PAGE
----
SUNDAYS IN AUGUST
A Coming-of-Age Novel
Franklin sat at the breakfast table in his orange baseball T-shirt, Crown Appliance stenciled in black lettering across his chest. To see Franklin up so early was a big surprise. Usually, after late summer evenings of work and late nights of play, he wouldn't be up before ten. But there he was reading the sports page of The Grand River Sentinel, which wasn't a surprise.
"How'd the Yanks do, Franklin?"
"Three-nothin' over the Orioles."
Mrs. Henderson stood at the stove. Bacon popped and sputtered at her from the skillet and she poked back with a fork.
"Mornin', Petey. How you feelin'?"
"After all the commotion yesterday, I thought you two scamps'd still be out like a couple of light bulbs. And here it is not even eight o'clock."
I stood behind Franklin and squinted over his shoulder at the sports' page. "Where's the standings?"
"Here. The Yanks are still three up on the Angels and Twins and the way Richardson is playing, they got it in the bag."
"I could've told you that. They always got it in the bag. The only question is who they going to beat in the World Series."
"Let's see, the Dodgers are only up two and a half on the Giants and Willie Mays is clobberin' it, again. Cincy's still in it, too."
"Sister Irene says the New York Giants are going to win it all."
"New York Giants? Who said that?"
"Sister Irene, that nun."
"Oh, yeah, and Y.A. Tittle is going to hit a homer in the seventh game with two out in the ninth and the score tied. Right?"
Franklin had a milk mustache and was dunking cinnamon toast into his glass, leaving a dark ring around the inside. Mrs. Henderson had the bacon draining now and was scrambling eggs and buttering toast.
"You two oughta read something 'cept that sports page and start improvin' your minds. There's a lot to know in this here world."
"We do. We read the comics."
Franklin and I grinned at each other but Mrs. Henderson pretended not to hear.
"Take that there rocket ship they blasted off yesterday. That dang thing's goin' to go clear to Venus or some dang place. You know how far that is?"
"How far, Mrs. Henderson?"
"Don't you get smart, Franklin Caviness. It's a dang sight farther than Willie Mays can hit a baseball."
Franklin rolled his eyes at me and continued studying the pennant races.
"The first thing my Milton would do after supper every night was read The Grand River Sentinel from cover to cover. Every word, mind you. He could tell you just about anything you wanted to know about this place or any other, for that matter. Weddings, temperatures, wars, births, accidents, anniversaries, TV schedules. You name it, he could tell you. Shoot, I didn't even have to read it myself. If I needed to know somethin', I could just ask Milton. Course, now that he's passed on I read it, but I just can't remember things as good as I use to when Milton was alive."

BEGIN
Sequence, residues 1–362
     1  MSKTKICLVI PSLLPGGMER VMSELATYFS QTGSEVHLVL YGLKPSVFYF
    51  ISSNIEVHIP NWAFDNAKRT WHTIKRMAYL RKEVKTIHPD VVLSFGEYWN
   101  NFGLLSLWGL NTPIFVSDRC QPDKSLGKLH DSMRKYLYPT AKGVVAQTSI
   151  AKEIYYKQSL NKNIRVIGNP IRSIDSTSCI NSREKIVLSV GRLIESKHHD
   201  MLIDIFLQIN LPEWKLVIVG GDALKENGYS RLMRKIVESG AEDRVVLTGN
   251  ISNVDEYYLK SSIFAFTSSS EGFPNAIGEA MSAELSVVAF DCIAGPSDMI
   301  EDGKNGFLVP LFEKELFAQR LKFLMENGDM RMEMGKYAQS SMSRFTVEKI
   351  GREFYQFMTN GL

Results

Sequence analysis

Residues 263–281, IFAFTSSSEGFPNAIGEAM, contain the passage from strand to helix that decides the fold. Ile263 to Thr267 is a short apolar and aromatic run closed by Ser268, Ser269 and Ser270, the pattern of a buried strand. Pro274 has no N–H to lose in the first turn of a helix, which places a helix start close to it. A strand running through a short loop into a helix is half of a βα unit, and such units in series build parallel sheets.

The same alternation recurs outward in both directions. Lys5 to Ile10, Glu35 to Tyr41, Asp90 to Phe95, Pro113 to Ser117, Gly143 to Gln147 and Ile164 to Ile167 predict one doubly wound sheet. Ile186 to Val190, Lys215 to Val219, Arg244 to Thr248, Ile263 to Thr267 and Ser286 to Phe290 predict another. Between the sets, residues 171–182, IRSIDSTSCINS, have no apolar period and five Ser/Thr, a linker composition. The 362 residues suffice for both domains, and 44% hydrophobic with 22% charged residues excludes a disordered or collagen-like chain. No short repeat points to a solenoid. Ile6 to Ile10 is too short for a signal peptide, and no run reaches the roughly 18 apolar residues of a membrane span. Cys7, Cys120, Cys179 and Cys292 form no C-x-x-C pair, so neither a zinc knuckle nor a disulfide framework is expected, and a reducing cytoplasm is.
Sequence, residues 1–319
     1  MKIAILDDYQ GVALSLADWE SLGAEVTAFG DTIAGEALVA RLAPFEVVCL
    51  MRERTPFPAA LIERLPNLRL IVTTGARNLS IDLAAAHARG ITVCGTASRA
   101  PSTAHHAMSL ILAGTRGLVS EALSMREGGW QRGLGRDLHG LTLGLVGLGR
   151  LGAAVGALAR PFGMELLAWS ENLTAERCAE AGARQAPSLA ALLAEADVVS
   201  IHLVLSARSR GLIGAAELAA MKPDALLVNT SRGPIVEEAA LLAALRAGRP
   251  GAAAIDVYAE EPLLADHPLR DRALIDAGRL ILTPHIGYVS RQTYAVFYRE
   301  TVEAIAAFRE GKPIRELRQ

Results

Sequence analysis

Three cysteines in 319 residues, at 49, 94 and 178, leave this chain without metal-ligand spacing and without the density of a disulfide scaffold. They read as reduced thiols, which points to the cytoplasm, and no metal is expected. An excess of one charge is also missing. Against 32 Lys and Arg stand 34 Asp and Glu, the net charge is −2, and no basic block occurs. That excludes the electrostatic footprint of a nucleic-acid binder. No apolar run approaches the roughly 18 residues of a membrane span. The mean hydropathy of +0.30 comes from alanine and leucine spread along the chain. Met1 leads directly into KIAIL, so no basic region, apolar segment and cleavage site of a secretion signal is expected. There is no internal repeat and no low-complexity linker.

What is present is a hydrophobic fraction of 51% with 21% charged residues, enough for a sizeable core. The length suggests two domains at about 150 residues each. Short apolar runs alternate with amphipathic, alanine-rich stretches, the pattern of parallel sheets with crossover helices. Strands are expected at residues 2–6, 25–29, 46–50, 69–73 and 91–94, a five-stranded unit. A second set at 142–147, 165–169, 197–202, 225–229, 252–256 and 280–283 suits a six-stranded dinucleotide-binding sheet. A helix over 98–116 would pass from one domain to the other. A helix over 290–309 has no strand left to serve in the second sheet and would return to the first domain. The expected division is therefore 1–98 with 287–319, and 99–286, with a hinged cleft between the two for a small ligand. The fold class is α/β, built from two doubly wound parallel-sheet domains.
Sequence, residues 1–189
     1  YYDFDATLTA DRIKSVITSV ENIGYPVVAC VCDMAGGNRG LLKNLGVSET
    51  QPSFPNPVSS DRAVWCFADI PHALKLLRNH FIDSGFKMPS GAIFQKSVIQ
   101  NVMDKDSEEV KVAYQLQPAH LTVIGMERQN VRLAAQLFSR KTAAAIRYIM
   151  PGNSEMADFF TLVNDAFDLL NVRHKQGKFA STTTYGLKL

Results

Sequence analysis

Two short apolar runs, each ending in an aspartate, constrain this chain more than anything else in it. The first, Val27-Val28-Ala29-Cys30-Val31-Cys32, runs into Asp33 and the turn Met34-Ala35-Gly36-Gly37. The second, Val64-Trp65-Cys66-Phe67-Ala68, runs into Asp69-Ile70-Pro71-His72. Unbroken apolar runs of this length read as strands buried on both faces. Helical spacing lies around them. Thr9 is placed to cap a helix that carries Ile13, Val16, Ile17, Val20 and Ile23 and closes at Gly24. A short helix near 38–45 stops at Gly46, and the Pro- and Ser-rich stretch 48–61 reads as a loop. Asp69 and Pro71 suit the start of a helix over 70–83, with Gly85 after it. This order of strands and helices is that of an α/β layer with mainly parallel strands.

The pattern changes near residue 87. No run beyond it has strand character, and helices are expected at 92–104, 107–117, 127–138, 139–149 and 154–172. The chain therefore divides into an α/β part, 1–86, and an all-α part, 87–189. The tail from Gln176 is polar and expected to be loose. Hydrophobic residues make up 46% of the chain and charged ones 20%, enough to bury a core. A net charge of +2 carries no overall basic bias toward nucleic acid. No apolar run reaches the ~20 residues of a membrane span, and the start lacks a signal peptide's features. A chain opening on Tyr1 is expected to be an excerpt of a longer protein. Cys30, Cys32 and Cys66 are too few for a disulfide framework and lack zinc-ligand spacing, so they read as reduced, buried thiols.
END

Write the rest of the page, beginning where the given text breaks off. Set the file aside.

Mrs. Henderson carried the black skillet to the table and scraped yellow clumps of egg onto our plates. She set a plate of bacon and toast between us and sat down. "What are you fixing to do so early in the mornin', Pete? You going to go play baseball with Franklin?"
"He can't. I'm substituting on a team and you have to be at least thirteen to play on it."
"Naw, I think I'll just go climb trees or something."
"Well, if you ain't got nothing to do, just tell me 'cause that garden out there needs weedin'."
Franklin smirked at me from behind his glass but I didn't say anything, just concentrated on my bacon and eggs. After finishing, I put on my Yankees baseball cap and hurried outside, imagining I were Roger Maris hitting my sixty-first home run. The sun burned low over Spruce Mesa and beads of dew glinted in the grass, wetting the tops of my sneakers as I ran across lawns toward Hill Avenue.
Helen Lucero answered the door. She was a short plump woman but attractive in a freshly scrubbed sort of way, with orange hair pulled neatly back into a bun and a white nurses uniform pressed to a shine. She always gave the impression that she had just stepped from a long hot shower. She smiled.
"Hi, there, Pete."
"Are you feeling okay today?"
"Yeah, I'm okay."
"I sure hope we didn't scare you off yesterday."
"No, it's okay. Is Fudgie here?"
"No, Fudgie and Carmalita left about a half hour ago. They said they wanted to go over to the orchards and watch the peach harvest. Manny won't let them pick without him so they were just going to take a look. Have you eaten breakfast?"
"Yeah, I just did, thanks. Do you know what orchard they went to?"
"No, they didn't say. But they usually go to the Morrison's. It's just on this side of the canal below the water tank."
"Yeah, I know where it's at."
"Are you sure you don't want anything to eat?"
"No, thanks. I got to go now."
"Take care and come over anytime."